November 29, 1995: Capitalizing on the success of Toy Story, Pixar floats 6.9 million shares on the stock market. The IPO makes Steve Jobs, who owns upward of 80% of the company, a billionaire.
After the windfall, one of the first people Jobs calls is his friend, Oracle co-founder Larry Ellison, already a member of the billionaire’s club.
“Hello, Larry?” Jobs tells his friend on the phone. “I made it.”
The Pixar initial public offering
Priced at $22 per share, Pixar (or PIXR, as it appeared on the NASDAQ stock exchange) hit a high of $49.50 on the day of its IPO. It closed at $39 on a volume of 4.8 million shares.
The success was largely driven by Toy Story, Pixar’s first feature-length animated movie, which became a massive smash hit upon release. A worldwide box office haul of $358 million made it a runner-up only to Aladdin and The Lion King in terms of animated movie blockbusters.
Pixar was one of the first tech companies to experience highly profitable IPOs during the tech boom of the mid-to-late-1990s. It followed the immensely profitable public offering of Netscape Communications in August 1995.
After the success of Netscape’s IPO, San Francisco investment bank Robertson Stephens agreed to underwrite the Pixar IPO. It filed with the SEC in October.
The start of the turnaround
Many people ignore Pixar (certainly compared to Apple) when listing Jobs’ great achievements. This happens for a couple of reasons, both of which seem related to the public’s general bafflement about Jobs’ involvement with the animation studio.
For starters, Jobs invested in Pixar during his time outside Apple. He bought the majority interest in the animation studio from Star Wars creator George Lucas for just $5 million (and an extra $5 million in guaranteed funding) in early 1986.
This period of Jobs’ life oftentimes proves confusing. Outwardly, it looks like a decade-long stint in which Jobs hemorrhaged money on two apparently failing ventures. Somehow, he turned them around, became a billionaire and returned to Apple as a seasoned manager.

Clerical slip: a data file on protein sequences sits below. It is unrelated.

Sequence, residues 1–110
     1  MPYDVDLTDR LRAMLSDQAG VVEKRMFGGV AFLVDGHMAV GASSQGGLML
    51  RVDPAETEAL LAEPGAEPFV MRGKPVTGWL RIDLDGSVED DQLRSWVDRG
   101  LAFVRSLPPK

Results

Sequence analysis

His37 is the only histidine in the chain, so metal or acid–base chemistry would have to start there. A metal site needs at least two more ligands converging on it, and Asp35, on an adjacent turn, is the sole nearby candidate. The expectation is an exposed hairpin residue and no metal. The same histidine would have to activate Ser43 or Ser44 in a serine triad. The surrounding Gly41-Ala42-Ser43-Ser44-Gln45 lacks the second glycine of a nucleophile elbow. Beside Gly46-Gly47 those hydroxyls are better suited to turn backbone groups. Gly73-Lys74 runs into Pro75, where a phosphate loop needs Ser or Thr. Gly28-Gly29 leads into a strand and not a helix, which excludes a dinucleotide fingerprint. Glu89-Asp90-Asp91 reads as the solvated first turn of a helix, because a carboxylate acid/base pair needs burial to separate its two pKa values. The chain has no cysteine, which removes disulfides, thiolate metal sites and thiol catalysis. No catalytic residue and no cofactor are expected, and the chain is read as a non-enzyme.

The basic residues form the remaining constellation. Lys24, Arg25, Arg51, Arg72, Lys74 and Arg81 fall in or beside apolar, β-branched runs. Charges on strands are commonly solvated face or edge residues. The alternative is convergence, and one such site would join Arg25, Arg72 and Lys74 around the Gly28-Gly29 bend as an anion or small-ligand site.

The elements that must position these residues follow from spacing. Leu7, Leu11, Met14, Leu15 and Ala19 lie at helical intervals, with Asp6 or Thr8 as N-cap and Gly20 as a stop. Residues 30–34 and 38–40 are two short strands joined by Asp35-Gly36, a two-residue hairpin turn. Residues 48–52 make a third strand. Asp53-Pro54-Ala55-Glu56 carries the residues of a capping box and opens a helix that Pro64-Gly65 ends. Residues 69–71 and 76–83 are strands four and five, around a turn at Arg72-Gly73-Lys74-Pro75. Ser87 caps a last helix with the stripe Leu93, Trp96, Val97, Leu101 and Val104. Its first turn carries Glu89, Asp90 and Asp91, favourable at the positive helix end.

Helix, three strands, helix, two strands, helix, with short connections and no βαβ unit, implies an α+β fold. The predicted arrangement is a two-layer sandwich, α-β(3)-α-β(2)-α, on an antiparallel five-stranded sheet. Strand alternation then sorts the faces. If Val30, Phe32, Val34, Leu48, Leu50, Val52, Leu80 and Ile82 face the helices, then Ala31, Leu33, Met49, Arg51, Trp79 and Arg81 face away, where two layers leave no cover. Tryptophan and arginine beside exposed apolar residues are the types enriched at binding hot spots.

The other reason Jobs’ Pixar years get ignored? Unlike at Apple, Jobs did not act as a hands-on micromanager at Pixar. Although he played a big part in negotiating deals for the studio, he took a passive creative role. He simply sat back and watched a group of brilliant people (from whom he learned a great deal) achieve greatness.
Pixar iPO: The start of Steve Jobs’ third act
That said, Jobs’ truly deserved the Pixar IPO home run. He possessed an unswerving faith in the possibilities offered by computer-animated movies. And he funded this dream until Moore’s law caught up with it. He also helped broker the deal that brought Toy Story to silver screens.
After the IPO, Jobs negotiated a new five-picture deal between Pixar and Disney. It gave Pixar an equal share of the profits, along with merchandise and on-screen credits. (By way of contrast, the Toy Story deal tilted heavily in Disney’s favor.)
According to Pixar co-founder Ed Catmull, part of the reason for the IPO was that, with an equal split of profits, the studio also needed to put in 50% of movie production costs. That required money in the bank.
The Pixar IPO also started Jobs’ professional turnaround after a few disappointing years. Within a year of the IPO, Jobs was preparing to step foot back on the Apple campus again as part of a deal that saw Apple buy NeXT.
The rest, as they say, is history…